By 1981 I had purchased my first computer and was heavily involved in the construction of massive bulletin board systems comprising everything from the low level machine code needed to communicate between computers over a then 300 baud modem, to the mass of file systems and support software required to support user login accounts, messaging systems and what would today be called, "Blogs". This was a huge time of experimentation and exploration for me when I really got the chance to push the languages and the systems to the edge.  I even modified the ROM based operating system to improve performance.

By 1986 I had finished my course work at George Brown College and had immersed myself if DBase IV and Clipper 5.1, building huge customer management database systems.  Aside from Sybase which required a large Unix based system, Dbase & Clipper was also one of the very early adopters of the new SQL database language that appeared on the scene in the early 90's which I also dove right into.

By 1994, Lotus Development Corp had hired me at their Canadian Office as one of the only people on staff in Canada who knew anything about "Programming". After weeks of training at the head office in Boston Massachusetts, I was the only person in Lotus Canada with any skills in programming  and training in the Lotus Script language so I was made the Canadian Product Area Expert in Lotus Script, a version of VBA that was licensed from Microsoft for Lotus use in products such as Improve 2.1, Lotus Notes VIP and Lotus Notes 4.0.

By 1997, IBM had bought Lotus Development Corp so I moved on to manage a nationwide network installation for a Global insurance company. With my $100,000 hardware budget I managed to deploy 14 large IBM servers accross the country and integrate those into the 163 server global network. It was my first time hiring and training staff too and I was particularly proud of one young girl I rescued from the Finance Manager. He was going to let her go because she wasn't great with Word or Excel but she also had a significant facial deformity from an accident and he had a new cute blonde assistant! He had her on his budget for the next 3 months so I snapped her up for free and took her under my wing. I had already taught my wife assembler, I could certainly find something in tech this young girl could do. For a while she shoulder surfed me doing software isntalls for users, then I would shoulder surf her. By the end of a month she was the subject matter expert for the entire canadian operation in the installation of the client software on Windows, Linux and Solaris and had begun familier with different network protocols and specialized drivers needed at the time (WinUp9). I followed her career for a a few years later to marvel at what she acheived.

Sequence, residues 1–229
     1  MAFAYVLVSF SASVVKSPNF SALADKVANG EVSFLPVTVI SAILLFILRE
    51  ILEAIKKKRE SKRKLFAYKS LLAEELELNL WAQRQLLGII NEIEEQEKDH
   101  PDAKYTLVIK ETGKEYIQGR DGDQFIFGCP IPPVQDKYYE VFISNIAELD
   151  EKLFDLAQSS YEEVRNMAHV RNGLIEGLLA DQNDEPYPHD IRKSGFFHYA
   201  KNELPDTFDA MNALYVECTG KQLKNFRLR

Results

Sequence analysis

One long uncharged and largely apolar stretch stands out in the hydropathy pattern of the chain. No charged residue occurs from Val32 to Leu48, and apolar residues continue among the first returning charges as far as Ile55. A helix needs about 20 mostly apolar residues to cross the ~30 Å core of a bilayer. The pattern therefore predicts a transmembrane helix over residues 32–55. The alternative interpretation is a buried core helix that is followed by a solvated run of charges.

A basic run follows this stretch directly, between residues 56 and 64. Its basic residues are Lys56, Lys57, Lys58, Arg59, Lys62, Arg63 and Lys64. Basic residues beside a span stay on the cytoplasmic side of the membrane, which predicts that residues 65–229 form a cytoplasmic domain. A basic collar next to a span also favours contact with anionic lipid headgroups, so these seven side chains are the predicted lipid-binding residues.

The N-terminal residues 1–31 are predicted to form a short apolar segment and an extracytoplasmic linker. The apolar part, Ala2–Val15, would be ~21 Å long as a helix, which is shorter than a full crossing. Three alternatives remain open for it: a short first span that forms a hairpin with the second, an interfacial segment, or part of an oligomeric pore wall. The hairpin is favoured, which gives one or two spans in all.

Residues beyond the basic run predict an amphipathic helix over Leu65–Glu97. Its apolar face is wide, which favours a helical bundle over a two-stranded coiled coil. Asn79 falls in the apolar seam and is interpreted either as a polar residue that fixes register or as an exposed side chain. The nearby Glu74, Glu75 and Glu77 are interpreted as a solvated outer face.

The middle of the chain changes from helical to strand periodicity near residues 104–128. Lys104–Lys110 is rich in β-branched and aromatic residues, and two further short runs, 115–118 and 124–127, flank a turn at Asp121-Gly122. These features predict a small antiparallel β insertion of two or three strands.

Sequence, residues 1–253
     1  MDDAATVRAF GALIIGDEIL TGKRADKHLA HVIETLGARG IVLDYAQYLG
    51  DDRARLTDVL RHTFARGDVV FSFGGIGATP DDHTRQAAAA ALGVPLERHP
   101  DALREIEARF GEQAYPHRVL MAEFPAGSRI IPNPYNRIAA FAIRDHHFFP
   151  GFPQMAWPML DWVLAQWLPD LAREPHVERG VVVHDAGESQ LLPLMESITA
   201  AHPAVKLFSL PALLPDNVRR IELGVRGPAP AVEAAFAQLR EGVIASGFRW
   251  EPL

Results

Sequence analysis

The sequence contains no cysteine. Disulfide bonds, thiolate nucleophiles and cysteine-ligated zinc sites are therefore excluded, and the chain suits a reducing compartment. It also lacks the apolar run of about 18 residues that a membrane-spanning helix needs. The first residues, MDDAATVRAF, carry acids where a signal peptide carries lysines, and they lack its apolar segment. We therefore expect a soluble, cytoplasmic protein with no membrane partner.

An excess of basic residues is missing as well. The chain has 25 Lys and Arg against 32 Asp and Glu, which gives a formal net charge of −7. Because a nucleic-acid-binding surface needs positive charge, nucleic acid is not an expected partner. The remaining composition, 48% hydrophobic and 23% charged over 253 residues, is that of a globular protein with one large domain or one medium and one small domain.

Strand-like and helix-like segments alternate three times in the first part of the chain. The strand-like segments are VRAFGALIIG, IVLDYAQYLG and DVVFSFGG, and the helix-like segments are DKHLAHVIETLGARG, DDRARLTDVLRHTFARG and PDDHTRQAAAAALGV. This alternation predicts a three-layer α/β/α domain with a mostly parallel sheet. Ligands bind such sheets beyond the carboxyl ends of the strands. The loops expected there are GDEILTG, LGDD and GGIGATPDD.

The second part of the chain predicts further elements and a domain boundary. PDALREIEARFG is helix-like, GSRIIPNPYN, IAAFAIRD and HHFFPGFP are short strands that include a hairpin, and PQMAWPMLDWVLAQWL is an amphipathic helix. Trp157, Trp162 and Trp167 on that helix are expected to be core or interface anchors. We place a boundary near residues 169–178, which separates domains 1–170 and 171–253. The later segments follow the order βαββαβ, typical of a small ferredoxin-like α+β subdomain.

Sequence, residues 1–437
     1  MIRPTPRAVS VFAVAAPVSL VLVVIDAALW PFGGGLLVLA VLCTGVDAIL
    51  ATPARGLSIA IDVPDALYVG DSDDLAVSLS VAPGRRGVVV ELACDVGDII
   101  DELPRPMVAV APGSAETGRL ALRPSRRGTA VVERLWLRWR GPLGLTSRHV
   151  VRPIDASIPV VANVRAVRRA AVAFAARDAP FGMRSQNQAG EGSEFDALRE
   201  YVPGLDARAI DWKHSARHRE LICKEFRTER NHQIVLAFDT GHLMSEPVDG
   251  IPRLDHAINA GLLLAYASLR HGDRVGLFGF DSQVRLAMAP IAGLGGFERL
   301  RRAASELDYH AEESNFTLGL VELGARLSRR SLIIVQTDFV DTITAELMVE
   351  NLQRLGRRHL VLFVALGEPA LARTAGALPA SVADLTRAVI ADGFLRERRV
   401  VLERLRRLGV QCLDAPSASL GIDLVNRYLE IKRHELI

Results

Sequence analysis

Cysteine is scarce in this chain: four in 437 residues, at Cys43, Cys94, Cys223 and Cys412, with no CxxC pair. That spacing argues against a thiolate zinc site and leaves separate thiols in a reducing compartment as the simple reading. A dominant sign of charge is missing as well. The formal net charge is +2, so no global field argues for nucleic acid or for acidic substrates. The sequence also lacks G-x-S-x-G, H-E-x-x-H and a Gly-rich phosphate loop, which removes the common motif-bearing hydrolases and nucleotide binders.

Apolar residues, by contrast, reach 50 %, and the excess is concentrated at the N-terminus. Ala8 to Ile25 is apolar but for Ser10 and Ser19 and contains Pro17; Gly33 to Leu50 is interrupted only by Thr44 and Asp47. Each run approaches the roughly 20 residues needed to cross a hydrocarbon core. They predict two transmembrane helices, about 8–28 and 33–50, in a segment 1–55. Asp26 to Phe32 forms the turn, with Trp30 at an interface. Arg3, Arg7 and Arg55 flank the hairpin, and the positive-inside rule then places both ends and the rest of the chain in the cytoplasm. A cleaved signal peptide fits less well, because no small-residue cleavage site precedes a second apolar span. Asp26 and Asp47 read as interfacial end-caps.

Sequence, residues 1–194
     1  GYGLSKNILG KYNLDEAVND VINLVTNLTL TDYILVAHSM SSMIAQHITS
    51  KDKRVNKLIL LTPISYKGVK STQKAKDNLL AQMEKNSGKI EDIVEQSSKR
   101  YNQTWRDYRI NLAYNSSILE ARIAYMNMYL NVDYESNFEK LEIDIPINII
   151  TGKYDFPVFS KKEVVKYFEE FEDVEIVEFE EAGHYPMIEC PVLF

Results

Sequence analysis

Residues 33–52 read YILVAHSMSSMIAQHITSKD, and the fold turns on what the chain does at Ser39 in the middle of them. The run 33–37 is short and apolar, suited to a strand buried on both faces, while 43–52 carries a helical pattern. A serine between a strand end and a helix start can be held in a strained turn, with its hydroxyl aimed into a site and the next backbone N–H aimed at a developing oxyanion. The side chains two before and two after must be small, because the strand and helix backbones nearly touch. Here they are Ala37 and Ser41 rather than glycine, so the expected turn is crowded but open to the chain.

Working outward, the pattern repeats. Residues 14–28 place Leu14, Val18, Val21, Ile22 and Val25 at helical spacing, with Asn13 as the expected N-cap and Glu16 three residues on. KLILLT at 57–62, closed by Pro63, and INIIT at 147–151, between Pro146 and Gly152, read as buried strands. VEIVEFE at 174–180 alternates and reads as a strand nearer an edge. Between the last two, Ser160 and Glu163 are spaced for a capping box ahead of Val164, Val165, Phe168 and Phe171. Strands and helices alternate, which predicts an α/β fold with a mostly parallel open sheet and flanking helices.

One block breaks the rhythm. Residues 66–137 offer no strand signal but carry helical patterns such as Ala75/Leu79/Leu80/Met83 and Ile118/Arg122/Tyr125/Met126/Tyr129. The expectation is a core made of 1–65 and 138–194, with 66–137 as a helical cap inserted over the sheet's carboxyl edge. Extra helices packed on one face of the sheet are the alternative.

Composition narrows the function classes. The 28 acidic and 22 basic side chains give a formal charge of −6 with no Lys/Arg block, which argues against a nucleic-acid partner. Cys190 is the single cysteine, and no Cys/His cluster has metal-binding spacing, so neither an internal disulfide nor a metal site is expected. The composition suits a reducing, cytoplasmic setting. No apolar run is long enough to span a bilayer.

These days my personal focus is still on the more indepth and fringe technologies, Assembler, unmanaged C++, etc. Professionally my focus is on IT management and mentoring. My passion has always been and remains solution elegance. Now instead of doing that with code, I do it with my teams.

A passing thought
In the mid 90's I had need to visit that mall where the Radio Shack store was. The store had moved and when I found it I stopped in just to see what I could see. As I was looking around a sales person went into the back to get something. He swung open the storage room door and there stood my little red chair that I had left in the store in 1979. A little worse for wear but still kicking.